Recall, $x(t)= g(t)c(t)g_R(t)$. Let us choose gR(t) to be the pulse matched to g(t).Thus we observe that,

\begin{eqnarray} x(f) &=& G(f)C(f)G^*(f) \\ &=& \left\{ \begin{array}{cc} |G(f)|^2 & |f|\leq W \\ 0 & |f|>W \end{array} \end{eqnarray}

Nyquist theorem: The necessary and sufficient condition for no ISI is that,

\begin{align} B(f)=\sum_{m=-\infty}^{\infty} X \left( f+\frac{m}{T} \right) =constant= cT \end{align}

See the text book for detailed proof. B(f) is called the folded spectrum.We will discuss a simple intuitive proof below.

The discrete time sequence {xk} or the equivalent countinous time signal $\sum x_m \delta (t-mT)$ can be obtained by multiplying x(t) with $\delta(t-mT)$

Let $\tilde{x}(t) = x(t) \left( \sum_{m=-\infty}^{\infty} \delta(t-mT) \right)$

\begin{eqnarray} \tilde{X}(f) &=& X(f)* \left( \frac {1}{T} \sum_{m=-\infty}^{\infty} \delta(f- \frac{m}{T}) \right) \\ &=& \frac{1}{T} \sum_{m=-\infty}^{\infty} X \left( f-\frac{m}{T} \right) = \frac{1}{T} \sum_{m=-\infty}^{\infty} X \left( f+\frac{m}{T} \right) \end{eqnarray}

We want $\tilde{X}(f) =1 \hspace{3mm} \forall f$ or $\tilde{x}(t) = \delta (t)$. Therefore,

\begin{align} \frac{1}{T} \sum_{m=-\infty}^{\infty} X \left( f+\frac{m}{T} \right) = T \end{align}

This shows the necessary part.Think about the sufficient part of the proof


\begin{align} C(f)= \left\{ \begin{array}{cl} 1 & |f| \leq W \\ 0 & otherwise \end{array} \end{align}

Relationship between Symbol duration and Bandwidth

Let us look at the cases for the relationship between T and W, Rs=1/T is the symbol rate.

\begin{align} C(f)= \left\{ \begin{array}{ccl} 1 & for &|f| \leq W \\ 0 & for & otherwise \end{array} \end{align}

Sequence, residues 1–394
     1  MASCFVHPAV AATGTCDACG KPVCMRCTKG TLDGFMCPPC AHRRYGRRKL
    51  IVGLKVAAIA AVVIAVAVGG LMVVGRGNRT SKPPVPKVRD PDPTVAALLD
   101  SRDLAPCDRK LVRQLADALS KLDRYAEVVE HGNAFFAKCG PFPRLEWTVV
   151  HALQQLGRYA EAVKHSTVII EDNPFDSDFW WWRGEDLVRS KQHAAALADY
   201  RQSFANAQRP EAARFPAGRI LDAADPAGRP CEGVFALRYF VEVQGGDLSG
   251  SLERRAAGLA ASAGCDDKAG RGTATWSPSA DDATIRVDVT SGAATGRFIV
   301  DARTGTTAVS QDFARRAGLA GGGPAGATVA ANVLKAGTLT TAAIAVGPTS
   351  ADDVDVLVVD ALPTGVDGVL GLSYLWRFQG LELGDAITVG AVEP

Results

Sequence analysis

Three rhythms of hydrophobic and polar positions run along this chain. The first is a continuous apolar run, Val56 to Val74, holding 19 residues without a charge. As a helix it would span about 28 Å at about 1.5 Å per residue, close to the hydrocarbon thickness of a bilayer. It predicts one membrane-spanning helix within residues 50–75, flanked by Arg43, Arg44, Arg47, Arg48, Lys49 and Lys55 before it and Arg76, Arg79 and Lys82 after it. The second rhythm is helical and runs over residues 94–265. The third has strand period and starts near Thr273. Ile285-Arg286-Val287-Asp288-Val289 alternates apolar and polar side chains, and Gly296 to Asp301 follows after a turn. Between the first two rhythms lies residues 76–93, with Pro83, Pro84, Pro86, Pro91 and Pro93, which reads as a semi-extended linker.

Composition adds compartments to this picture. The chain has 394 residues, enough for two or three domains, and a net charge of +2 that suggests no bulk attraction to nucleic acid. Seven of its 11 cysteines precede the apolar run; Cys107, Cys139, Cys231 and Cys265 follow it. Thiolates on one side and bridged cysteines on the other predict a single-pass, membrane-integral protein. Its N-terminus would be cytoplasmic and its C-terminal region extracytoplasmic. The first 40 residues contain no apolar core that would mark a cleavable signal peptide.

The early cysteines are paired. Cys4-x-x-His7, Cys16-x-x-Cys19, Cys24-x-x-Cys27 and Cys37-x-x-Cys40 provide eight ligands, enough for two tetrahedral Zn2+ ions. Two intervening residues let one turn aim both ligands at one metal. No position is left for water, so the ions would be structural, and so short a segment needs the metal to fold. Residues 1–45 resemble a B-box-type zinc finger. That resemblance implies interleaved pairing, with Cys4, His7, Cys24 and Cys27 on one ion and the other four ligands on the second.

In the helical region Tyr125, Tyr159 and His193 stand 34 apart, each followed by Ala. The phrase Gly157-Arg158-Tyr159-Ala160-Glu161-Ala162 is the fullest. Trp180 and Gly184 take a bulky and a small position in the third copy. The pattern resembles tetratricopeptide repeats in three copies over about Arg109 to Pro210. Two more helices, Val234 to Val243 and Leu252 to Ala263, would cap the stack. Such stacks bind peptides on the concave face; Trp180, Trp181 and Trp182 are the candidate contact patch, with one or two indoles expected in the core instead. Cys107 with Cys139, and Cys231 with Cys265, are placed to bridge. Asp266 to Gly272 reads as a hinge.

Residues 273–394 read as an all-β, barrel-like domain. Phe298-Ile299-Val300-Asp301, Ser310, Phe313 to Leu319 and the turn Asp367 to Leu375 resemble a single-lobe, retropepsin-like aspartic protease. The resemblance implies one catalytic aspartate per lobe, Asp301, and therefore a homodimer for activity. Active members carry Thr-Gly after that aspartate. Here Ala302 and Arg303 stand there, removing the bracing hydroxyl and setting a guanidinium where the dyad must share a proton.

Case 1: Rs>2W ( signaling rate > Bandwidth(2W)), then 1/Ts>2W.


The folded spectrum will always be zero for $W<|f|<\frac{1}{T}-W$.Thus it is possible to obtain ISI-free communication.

Case 2: Rs=2W or 1/T=2W then X(f) and X(f-1/T) will barely touch.


In-order to make the spectrum flat we need to choose

\begin{align} X(f)= \left\{ \begin{array}{cl} 1 & |f| < W \\ 0 & outside \end{array} \end{align}

Case 3: Rs < 2W or Ts>1/2W. Here we are under utilizing bandwidth or we are using excess bandwidth over the Nyquist bandwidth. there are many choices for X(f) that make the folded spectrum to be flat


In practice a popularly used shape for X(f) and hence for $|G(f)|^2$ is a raised cosing pulse given by,

\begin{align} X_{RC}(f) = \left\{ \begin{array}{lc} c & |f|< \frac{1-\beta}{2T}\\ \frac{c}{2} \left[ 1+ \cos \left[ \frac{\pi T_s}{\beta} \left( |f| - \frac{1-\beta}{2T} \right) \right] \right] & \frac{1-\beta}{2T}< |f|< \frac{1+\beta}{2T} \\ 0 & |f|>\frac{1+\beta}{2T} \end{align}
\begin{align} x_{RC}(t)= sinc \left( \frac{t}{T} \right) \frac{\cos \left( \pi \beta \frac{t}{T_s} \right)}{ 1- \left( \frac {2\beta t}{T_s}\right) ^2} \end{align}

Practical Considerations and why excess bandwidth is commonly used

From the previous section we can see that one can communicate through a ideal band-limited channel of bandwidth W without ISI at the same rate of 2W samples /sec if we used a sinc pulse as the pulse shape.


However there are problems in using this pulse in practice. A small error in timing (the time at which the samples are taken) can lead to large (unbounded actually) error due to ISI. Similarly truncation of the pulse can also cause large sidelobes in the spectrum.


Practical solution: Use square root Raised cosine pulses at transmitter and receiver so that x(t) is a Raised cosine pulse with excess band-width $\beta$. The Raised cosine pulse has a much faster decay of the tail with time. For $\beta > 0$ the decay is $\frac{1}{t^3}$. Consequently mistiming error does not cause a lot of ISI.

EYE diagram:

Unless otherwise stated, the content of this page is licensed under Creative Commons Attribution-ShareAlike 3.0 License